Nazir Ahmad and his children are huddled together inside a makeshift tent in Jammu and Kashmir's quake-hit upper Himalayan village of Julla.
From their tent, they can see the snow forming on higher mountains. The fear of approaching winter is palpable.
Fast icy winds from neighbouring hills lash the tent, this family's home for now.
Heavily rains lashed this village till late Tuesday-- an indication of the season's first snowfall.
Nazir knows these are signs that winter is setting early, but it is a secret he wouldn't share with his four children as he points to the lifting fleeting clouds on the mountains in the front.
He tries to sound upbeat to his children. "Never mind the rains, the splitting cloud indicates it would be sunny tomorrow," Nazir, 45, re-assured his children.
The eyes of his children are fixed towards the debris of their house in whose front yard their small tent stands.
It is not only their school bags and books that lie under the tons of debris but all their toys and wooden carriages children in this part of Kashmir.
The flapping of the tent and the resulting chill that enters it are additional miseries this once prosperous family must bear.
As Nazir steals glances at the rubble, his eyes also look at the road down the slope. This is the Srinagar-Muzaffarabad road battered by landslides and cracked surfaces. The highway is in total disarray as bulldozers and earthmovers slog to clear the highway. To Nazir, the road in a way reflects the state in which his life his.
Without shedding any tears, for his stock of tears is already exhausted, Nazir in almost in-audible tones recalls to his wife the days in recent past when such rain and wind would have been welcomed as the family would sit in the verandah of their small house enjoying the rains.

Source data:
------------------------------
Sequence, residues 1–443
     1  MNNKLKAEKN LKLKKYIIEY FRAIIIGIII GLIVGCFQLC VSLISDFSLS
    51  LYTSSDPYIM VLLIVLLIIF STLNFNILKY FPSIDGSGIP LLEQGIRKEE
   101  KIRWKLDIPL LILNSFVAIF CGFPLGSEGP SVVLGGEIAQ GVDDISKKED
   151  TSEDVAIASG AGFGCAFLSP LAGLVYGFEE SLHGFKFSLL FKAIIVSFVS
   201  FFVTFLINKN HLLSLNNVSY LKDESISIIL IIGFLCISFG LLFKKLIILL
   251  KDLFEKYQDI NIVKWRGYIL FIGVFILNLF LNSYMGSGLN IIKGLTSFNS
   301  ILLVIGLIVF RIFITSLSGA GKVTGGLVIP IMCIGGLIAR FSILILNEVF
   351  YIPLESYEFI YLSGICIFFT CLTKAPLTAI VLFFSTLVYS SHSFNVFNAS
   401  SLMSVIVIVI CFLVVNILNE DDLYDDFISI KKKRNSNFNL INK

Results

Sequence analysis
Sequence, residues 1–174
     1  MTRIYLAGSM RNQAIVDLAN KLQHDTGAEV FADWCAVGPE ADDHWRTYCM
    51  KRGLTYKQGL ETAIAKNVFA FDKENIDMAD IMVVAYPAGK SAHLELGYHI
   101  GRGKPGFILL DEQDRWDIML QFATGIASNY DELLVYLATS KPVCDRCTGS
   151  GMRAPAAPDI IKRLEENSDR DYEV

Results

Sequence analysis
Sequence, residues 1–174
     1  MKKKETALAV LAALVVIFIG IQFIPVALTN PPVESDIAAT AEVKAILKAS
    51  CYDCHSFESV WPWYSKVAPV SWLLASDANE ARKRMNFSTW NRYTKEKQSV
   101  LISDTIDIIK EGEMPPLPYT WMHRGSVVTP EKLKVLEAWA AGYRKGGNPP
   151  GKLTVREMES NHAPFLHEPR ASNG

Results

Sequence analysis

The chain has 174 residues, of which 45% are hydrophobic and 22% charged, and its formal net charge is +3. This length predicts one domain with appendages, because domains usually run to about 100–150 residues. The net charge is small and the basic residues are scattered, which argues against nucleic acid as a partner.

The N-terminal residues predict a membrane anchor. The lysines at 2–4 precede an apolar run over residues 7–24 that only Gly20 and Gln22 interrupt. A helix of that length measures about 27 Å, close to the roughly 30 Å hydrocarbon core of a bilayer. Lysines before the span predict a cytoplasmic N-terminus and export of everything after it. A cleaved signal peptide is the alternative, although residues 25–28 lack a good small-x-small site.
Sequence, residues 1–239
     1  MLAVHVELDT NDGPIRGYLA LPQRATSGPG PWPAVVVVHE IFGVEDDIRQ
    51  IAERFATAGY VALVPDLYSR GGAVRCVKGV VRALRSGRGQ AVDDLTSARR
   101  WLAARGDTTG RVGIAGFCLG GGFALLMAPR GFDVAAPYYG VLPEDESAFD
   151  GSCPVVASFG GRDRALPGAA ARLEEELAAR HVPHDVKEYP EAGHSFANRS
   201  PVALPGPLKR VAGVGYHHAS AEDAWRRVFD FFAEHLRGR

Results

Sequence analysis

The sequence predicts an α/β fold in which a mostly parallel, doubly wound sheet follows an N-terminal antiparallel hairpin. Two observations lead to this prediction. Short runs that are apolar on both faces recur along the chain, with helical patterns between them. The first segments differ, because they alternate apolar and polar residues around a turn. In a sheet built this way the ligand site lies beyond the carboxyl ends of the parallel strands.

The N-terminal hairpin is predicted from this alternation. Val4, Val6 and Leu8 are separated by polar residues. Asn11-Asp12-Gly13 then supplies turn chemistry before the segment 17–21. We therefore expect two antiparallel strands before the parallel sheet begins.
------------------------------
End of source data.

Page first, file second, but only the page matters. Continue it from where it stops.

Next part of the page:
"The house is gone. All our belongings are destroyed. I must have done something to deserve this. Allah has been great. All of us are still alive. I will start from a scratch again. I am not old and life can begin once more," Nazir says.
Nazir's wife shares his courage, but the reality of an approaching winter and the slim chances that the family will actually get a roof over its head still haunts them.
"If I am unable to make a small hut by the end of this month, we will have to move out of our village," Nazir said.
Mood swings in tragedy-stricken people must be a natural phenomenon-- shock at the loss of property and joy at the thought of being spared to live another day. What is true of Nazir is also true of thousands in this picturesque Himalayan area now ravaged.
Though the government sanctioned Rs 642 crore for relief and rehabilitation, locals feel there is no co-ordination in the distribution.
"They are distributing blankets, kerosene and food stuff to the same people who live closer to the main roads. Nobody has so far fanned out with aid to places away from the main roads," said Sara Begum a local resident.
There is little hope that Nazir and his family will return to the good old days in the near future for nature's furry has snatched in a few moments what this hard working peasant had gathered in lifetime.
As a faithful Muslim, Nazir believes his loss is divine judgment. So does his younger son.
"With my father, we will make a new house before the onset of winter," Mohammad Shafi said.
Youth and childhood suddenly appear to have been lost for this 15-year-old.